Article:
Once more, I don’t know. I’ll go to mass again today. And again I’ll think of God dying. And again I’ll watch everyone else take His body in their hands. And maybe I’ll never understand. Maybe I’ll never have answers. But for a few moments at least, I’ll trust, and I’ll feel united not just with everyone around me, but with everyone I no longer see.

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7 Comments on “Blessed Are Those Who Have Not Seen”

  1. Alabamian Says:

    What a beautiful, moving piece of writing. I’ve linked to it here.

  2. wheeler Says:

    thanks. that means a lot to me, as your blog is the one i consider to be the best written alabama blog.

  3. Kathy Says:

    This is beautiful, Wheeler. I’m so sorry for your friends’ loss. It must be unbearable. Thanks for sharing your thoughts.

  4. Danny Says:

    Nicely said. Thank you.


  5. […] Wheeler has a touching expirence he recently had. […]

  6. Loretta Nall Says:

    My thoughts are with you and your friend Wheeler. I, too, have lost a child. He was three months old and died of SIDS. It is something you never really get over…just learn to deal with. I’ll be sending positive energy your way…for what it’s worth.

    Loretta

  7. draftsonyou Says:

    It’s been 2 months now since we lost Eliza. (For everyone else, I’m the guy…the best friend) Even though I rarely post anything to his blawg, I think I should make a comment here. I have read this piece many times, but I have never been able to respond, for obvious reasons. I have always WANTED to respond, but it just seems like the words are never there. Now, even though I cannot express what my family and I have been through, I can express certain other sentiments.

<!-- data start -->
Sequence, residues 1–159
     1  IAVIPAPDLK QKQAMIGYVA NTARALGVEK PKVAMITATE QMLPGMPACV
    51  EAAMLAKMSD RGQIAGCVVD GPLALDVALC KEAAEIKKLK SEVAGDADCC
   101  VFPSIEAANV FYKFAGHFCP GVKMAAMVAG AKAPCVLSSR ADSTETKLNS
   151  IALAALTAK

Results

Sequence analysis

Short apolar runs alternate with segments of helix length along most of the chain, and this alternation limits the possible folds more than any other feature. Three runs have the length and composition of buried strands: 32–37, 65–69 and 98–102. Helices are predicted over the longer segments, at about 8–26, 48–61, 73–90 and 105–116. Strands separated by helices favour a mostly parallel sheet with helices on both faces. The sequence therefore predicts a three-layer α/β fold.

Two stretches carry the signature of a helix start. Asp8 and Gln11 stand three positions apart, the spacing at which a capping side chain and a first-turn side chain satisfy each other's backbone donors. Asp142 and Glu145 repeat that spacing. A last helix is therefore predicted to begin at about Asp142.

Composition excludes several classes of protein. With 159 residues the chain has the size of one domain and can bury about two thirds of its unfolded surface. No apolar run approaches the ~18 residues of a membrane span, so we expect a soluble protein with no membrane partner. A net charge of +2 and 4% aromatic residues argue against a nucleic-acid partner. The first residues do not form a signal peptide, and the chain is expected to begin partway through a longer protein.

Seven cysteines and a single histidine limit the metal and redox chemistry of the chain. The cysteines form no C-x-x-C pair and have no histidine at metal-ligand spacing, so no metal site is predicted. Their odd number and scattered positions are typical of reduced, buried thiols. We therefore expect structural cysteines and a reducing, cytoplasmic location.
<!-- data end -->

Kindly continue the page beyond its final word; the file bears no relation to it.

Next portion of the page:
I don’t see my friend (the author of this blog) anymore because I have moved to FL. This has also been a great loss to me. We have somehow forged one of those friendships that “understands” life together. When you do what you do for the reasons you do them, and there are no questions asked…just understanding. Now, after the death of my daughter, this is positivley the most difficult time of my life, and I long for understanding like never before. The most dissappointing part of it all is that you learn through heartache that there is no understanding…only acceptance. Support from friends and family is sincerely intended, but rarely of any comfort at all. (In fact, the most comforting thing that anyone actually “told me” was ironically that “J.D., you will NEVER understand this.” That came from an old doctor guy that has experienced some similar stuff. Anyway, this all leads to a point.) Even though my buddy is in AL and I am in FL, and we don’t get to talk much, and we generally choose not to talk at all about the hard stuff, the understanding is still there. This blawg demonstrates that as well as anything else. The feeling of shock, confusion, fear, sadness, longing, helplessness…almost all precede acceptance. How is it that my friend can say that he has no means to help me and yet still help me? I really don’t know, but I’ve witnessed it here. And even though I still have not reached acceptance, I am comforted, once again, by my friend. Thanks, Bro! J.D.